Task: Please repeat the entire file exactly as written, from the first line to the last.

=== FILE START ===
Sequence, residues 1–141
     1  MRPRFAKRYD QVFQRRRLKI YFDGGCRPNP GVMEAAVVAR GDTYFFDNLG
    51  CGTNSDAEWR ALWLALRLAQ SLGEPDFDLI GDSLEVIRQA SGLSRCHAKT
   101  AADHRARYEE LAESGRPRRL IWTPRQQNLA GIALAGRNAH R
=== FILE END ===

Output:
Sequence, residues 1–141
     1  MRPRFAKRYD QVFQRRRLKI YFDGGCRPNP GVMEAAVVAR GDTYFFDNLG
    51  CGTNSDAEWR ALWLALRLAQ SLGEPDFDLI GDSLEVIRQA SGLSRCHAKT
   101  AADHRARYEE LAESGRPRRL IWTPRQQNLA GIALAGRNAH R